Torquay were now threatening to run riot and were attacking in waves against a beleaguered Boreham Wood, Little, Reid and Keating (on for the quiet Kalala) all going close to extending the lead. United were guilty of trying to walk the ball into the net at times and it was a combination of poor decision-making or a poor final ball that kept the match as a contest.
In time-honoured TUFC tradition there was a nervy finish after Boreham pulled a late goal back. Niate was caught in possession in his own box, the ball was eventually squared to ex-Gull Tyrone Marsh who neatly found the net via the inside of the post. With a man advantage Torquay should have seen the game out easily but a nasty habit of needlessly losing possession crept in and in the end it was a massive relief when the referee final blew the full-time whistle to seal United’s first three points of the campaign.
MACDONALD 8 – Very solid performance, quick off his line to smother the ball, excellent distribution and a safe pair of hands catching those high balls. Having an able deputy will push Shaun harder and further, this was an impressive start, unlucky to lose a deserved clean sheet.
WYNTER 8 – Looks like he will make the step-up to the National League with ease. Always seems to be in the right place, some crucial blocks, and the ability and fitness to join the attacks at the other end. This guy gets better and better.
CAMERON 7 – Won a lot of aerial battles and seems a calming presence in the back-line. Another who continues to improve and should have no problems at this level.
NIATE 6 – Had a bit of a nervy opening 15 minutes which brought about his very avoidable booking. Looked solid for most of the match before his late error gifted Boreham a lifeline. These errors happen all too often and need to be stamped out against savvier teams this year. I have faith that he can be a valuable member of this squad if he can improve his concentration levels.
VINCENT 7 – Battled manfully playing out position, but the sooner Davis is back the better. Vincent had a torrid time in the first half so it would have been relief to him when Boreham were reduced to 10 men. Great engine to get up and down the wing. Can’t wait to see him further up the pitch.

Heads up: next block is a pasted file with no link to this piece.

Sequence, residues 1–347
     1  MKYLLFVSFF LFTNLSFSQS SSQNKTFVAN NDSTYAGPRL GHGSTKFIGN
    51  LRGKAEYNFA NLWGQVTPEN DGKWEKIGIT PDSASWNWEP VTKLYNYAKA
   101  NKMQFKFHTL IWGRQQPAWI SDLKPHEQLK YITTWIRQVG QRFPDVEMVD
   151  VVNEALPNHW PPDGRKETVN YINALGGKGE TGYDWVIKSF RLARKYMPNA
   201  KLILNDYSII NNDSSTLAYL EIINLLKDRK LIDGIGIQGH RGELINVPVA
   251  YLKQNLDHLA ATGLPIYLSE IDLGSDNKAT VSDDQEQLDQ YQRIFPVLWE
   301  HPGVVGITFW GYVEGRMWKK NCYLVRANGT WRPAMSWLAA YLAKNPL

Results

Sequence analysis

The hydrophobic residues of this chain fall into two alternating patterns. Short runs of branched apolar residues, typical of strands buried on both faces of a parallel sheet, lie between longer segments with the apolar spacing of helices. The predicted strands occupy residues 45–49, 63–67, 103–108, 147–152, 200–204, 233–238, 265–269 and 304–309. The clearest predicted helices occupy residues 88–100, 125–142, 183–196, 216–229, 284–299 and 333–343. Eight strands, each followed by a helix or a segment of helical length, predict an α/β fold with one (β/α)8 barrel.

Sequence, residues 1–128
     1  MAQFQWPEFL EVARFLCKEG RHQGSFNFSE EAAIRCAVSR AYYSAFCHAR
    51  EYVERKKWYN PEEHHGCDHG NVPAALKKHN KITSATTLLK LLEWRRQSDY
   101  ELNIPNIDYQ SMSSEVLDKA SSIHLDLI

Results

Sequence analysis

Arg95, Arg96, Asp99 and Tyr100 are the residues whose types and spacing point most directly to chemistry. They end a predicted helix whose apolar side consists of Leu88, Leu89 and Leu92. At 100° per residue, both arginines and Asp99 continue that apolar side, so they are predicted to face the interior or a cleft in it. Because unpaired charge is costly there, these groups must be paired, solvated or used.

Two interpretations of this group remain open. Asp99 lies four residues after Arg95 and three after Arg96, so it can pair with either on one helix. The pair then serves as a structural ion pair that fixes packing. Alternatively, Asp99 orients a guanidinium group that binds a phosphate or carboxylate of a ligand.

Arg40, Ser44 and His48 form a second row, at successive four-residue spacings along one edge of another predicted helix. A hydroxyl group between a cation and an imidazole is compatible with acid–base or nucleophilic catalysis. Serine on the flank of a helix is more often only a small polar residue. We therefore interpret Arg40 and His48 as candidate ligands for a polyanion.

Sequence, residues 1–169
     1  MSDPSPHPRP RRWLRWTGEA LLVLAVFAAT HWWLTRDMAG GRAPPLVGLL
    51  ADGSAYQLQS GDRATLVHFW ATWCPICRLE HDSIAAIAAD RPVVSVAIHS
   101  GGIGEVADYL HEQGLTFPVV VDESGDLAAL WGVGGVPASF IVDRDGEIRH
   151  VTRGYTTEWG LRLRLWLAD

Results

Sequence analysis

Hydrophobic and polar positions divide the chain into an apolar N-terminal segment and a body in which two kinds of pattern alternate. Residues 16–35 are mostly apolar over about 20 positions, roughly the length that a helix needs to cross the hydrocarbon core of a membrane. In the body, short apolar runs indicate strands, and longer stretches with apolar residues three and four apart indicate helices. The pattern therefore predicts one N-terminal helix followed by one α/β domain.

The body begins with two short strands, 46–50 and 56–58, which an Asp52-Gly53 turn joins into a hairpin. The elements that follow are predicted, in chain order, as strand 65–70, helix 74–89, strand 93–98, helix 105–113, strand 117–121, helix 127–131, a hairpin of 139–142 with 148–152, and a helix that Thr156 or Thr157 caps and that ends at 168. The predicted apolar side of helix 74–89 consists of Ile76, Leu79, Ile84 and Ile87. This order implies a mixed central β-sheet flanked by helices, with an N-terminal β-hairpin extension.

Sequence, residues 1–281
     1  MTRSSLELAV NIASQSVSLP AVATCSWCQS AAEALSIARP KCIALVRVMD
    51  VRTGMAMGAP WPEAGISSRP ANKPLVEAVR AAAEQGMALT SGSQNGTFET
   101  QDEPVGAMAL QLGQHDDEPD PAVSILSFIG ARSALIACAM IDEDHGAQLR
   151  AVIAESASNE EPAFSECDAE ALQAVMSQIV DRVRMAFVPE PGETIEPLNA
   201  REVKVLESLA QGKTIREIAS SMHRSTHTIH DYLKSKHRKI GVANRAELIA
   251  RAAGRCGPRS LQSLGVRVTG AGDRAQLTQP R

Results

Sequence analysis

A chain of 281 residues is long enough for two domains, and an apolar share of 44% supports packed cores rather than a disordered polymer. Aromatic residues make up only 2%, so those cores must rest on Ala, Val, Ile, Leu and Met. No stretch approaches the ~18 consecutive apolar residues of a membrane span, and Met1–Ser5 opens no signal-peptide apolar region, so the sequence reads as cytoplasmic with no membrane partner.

KALALA 6 – Was our brightest spark in a prosaic first half, displaying his trademark tricks to manufacture himself some room. Was starved of the ball in the second half so was no real surprise when he was taken off. Still our most exciting and dangerous player.
HALL 7 – There will be a lot of chat about midfield combinations but Hall for me is a must. Does the dirty work well and quite often sets the attacks up by playing the sensible ball. Captain, leader, legend.
LITTLE 7 – Covers every blade of grass and provides consistently decent dead-ball deliveries. Final decision let him down at times today but he is going to excel in this team.
ANDREWS 6 – A quiet game today, not a fan of left footers cutting in on the right-wing. No lack of effort as usual, we know what he can offer,
DUKU 7 – Wearing the scars tonight after a physical afternoon which may have facilitated his early exit. Very mobile, important not to compare him to Saiko Janneh, both completely different players but both excellent partners to Reid.
REID 7 – Struggled to get into the game in the first half but changed the direction of the match with some intelligent play to set up the opener and then scoring a thunder-bastard of his own minutes later. Picking up from where he left off last season I am expecting another 20+ goal return.
EDWARDS 7 – Provided the injection of pace against a tiring defence just when we needed it. Scoring our first goal of the season should do wonders for his confidence. Constant threat in the last half hour. Forgotten just how fast he is.
KEATING 6 – It’s hard to come on and tune into he pace of the game when the team is running rampant such as it was, Keating’s passing and decision making tended to lose possession at a time when we just needed to hang onto the ball. There is no bigger team man than Ruairi and I know he has a massive part to play this season.